I’d like to start with a little story which is in itself quite trivial but in the context of what’s just happened is I think quite telling. I was born in England and lived there until I was in my thirties. In all of that time I lived in inner city areas and worked in them and drank in them. I’m from the inner city, you see, from the working classes of England, from an immigrant community within those places but from those cities, those streets. In one of the cities I lived in we were once visited by someone who hadn’t really spent a lot of time in areas such as the one we were in. Now this person was far more English than I ever was, far more wedded to the symbols of Englishness than this son of Irish immigrants and had spent their whole life living in the fair land of England. It was just that their England had never necessitated an involvement with this England that I knew. On the afternoon of the visit we went out for a walk along the streets to the local park. Walking along the red brick, multi-cultural streets of England. As we passed some local people, some local Asians, the English person with us said, ‘how nice it is to see people wearing their traditional costumes.’ Like I said it’s a trivial little story, isn’t it? I’ll come back to it though, later, see if it might light our way a bit.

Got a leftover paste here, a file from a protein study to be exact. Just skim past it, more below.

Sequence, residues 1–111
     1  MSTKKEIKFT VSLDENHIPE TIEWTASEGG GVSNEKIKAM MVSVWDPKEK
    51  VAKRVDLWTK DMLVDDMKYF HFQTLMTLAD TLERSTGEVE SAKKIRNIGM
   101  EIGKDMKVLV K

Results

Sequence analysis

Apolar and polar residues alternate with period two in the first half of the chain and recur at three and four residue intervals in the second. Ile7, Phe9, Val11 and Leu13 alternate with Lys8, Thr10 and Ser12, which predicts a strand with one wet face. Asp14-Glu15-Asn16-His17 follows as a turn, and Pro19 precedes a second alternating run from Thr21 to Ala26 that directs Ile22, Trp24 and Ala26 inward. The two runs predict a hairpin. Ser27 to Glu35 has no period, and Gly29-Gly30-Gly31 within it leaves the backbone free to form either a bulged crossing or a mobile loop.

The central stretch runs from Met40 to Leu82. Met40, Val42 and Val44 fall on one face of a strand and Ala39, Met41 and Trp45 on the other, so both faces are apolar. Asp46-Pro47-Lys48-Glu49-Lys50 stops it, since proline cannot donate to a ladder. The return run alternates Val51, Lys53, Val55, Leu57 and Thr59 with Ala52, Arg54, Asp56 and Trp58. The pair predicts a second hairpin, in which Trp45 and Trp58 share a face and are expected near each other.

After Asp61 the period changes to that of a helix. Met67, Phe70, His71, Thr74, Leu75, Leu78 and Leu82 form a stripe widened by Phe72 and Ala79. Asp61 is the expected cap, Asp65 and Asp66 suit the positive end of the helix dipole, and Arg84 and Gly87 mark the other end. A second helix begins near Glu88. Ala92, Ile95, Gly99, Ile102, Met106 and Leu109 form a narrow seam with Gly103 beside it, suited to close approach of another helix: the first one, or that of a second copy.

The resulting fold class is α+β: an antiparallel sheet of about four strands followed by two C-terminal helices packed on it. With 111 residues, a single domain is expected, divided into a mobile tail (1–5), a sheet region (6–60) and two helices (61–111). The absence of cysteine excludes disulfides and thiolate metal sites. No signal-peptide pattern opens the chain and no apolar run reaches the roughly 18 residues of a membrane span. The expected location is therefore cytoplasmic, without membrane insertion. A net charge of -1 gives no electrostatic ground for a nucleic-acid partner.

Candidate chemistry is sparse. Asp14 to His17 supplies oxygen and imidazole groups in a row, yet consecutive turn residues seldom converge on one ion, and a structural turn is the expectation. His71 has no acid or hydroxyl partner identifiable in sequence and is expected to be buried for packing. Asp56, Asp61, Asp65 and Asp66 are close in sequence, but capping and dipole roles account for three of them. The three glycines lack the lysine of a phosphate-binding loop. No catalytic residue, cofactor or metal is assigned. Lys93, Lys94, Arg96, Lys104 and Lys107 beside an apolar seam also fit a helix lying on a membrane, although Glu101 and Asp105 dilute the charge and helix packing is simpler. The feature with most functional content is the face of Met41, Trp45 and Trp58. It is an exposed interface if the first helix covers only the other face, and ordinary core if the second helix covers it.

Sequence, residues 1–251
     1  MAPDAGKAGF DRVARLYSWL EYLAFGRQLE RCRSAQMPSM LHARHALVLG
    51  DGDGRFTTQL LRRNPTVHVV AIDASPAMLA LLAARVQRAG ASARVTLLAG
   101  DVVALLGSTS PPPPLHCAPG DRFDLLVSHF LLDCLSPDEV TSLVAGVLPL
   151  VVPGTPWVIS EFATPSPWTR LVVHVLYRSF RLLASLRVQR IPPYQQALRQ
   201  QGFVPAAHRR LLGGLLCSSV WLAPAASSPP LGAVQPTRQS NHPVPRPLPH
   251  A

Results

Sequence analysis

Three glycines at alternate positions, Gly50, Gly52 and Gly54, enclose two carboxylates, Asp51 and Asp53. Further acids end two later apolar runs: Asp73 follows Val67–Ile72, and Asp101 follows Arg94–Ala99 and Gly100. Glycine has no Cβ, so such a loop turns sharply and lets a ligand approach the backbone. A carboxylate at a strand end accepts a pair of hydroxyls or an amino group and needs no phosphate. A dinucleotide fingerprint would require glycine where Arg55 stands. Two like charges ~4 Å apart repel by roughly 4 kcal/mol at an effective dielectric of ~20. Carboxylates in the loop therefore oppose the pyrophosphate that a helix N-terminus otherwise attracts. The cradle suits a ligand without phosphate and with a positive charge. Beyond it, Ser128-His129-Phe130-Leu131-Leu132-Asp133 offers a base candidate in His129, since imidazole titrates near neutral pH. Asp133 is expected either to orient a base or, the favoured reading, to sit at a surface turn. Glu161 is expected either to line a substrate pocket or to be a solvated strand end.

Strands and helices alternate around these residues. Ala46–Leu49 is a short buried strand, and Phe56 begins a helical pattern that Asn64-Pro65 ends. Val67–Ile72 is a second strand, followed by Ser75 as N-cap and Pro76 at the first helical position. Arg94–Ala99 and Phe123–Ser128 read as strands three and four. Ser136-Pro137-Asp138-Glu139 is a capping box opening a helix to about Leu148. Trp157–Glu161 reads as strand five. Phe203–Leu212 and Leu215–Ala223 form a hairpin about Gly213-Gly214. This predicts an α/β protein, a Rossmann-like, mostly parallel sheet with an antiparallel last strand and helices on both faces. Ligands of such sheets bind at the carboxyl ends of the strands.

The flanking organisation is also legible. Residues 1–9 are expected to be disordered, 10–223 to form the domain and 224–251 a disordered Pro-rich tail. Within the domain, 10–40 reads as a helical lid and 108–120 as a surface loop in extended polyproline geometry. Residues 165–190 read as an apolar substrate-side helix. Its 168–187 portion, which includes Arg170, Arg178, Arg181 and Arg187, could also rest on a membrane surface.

I’m writing this now far away from those streets. I’m writing from rural Ireland. I’m writing from within the European Community. So looking on now I just feel bemusement. I mean I don’t even live in the UK anymore anyway and haven’t done for seventeen years, so what could I possibly know? And it also bemuses me because incoherent, inarticulate things, things like the Brexit vote, are inherently bemusing. But I can guess at some things. I can guess that a bigoted opportunist like Nigel Farage has seized his chance and I can guess that an opportunist willing to dance with bigotry like Boris Johnston has seized his. I can guess that the internal obsessions of the Tory Party have held a country, if not a continent, to ransom. I can guess that a Prime Minister without a vision took a gamble and lost. Guessing aside, though, I think two things are clear, even from way over here, even amongst all that bewilderment. One is that the press and certain sections of the political elite have deluded notions about Great Britain and its place in the world. In fact, it’s not even Great Britain they are deluded about but England, an England of yeomen and shopkeepers and the white cliffs of Dover. This blessed plot, this earth, this realm, this England. Secondly, it is that the right have done what they always do and tricked the disenfranchised in to thinking that the fault lies not in an unfair class system or in a rigged economic system but is the fault of the foreigner. It’s the age old canard of the right. Don’t look up and ask why they have so much and you have so little, look sideways and ask, what’s he doing here. In that way the press and Nigel Farage, with Michael Gove and Boris Johnston pretending not to look on, have stirred up what is a plain and simple bigotry. The Brexit vote is a racist vote. At least if you voted that way, have the courage to admit that. You voted leave in the hope of keeping out foreigners, keeping out immigrants, keeping out refugees. It wasn’t over the subtleties and different textures of economic union, was it? It wasn’t about the injustice of the European project being taken over by neo-liberals on the economic right. It was bigotry. At least let us have that out in the open. You voted to keep out Muslims, or Turks, or Poles, or whoever got a mention. Didn’t you?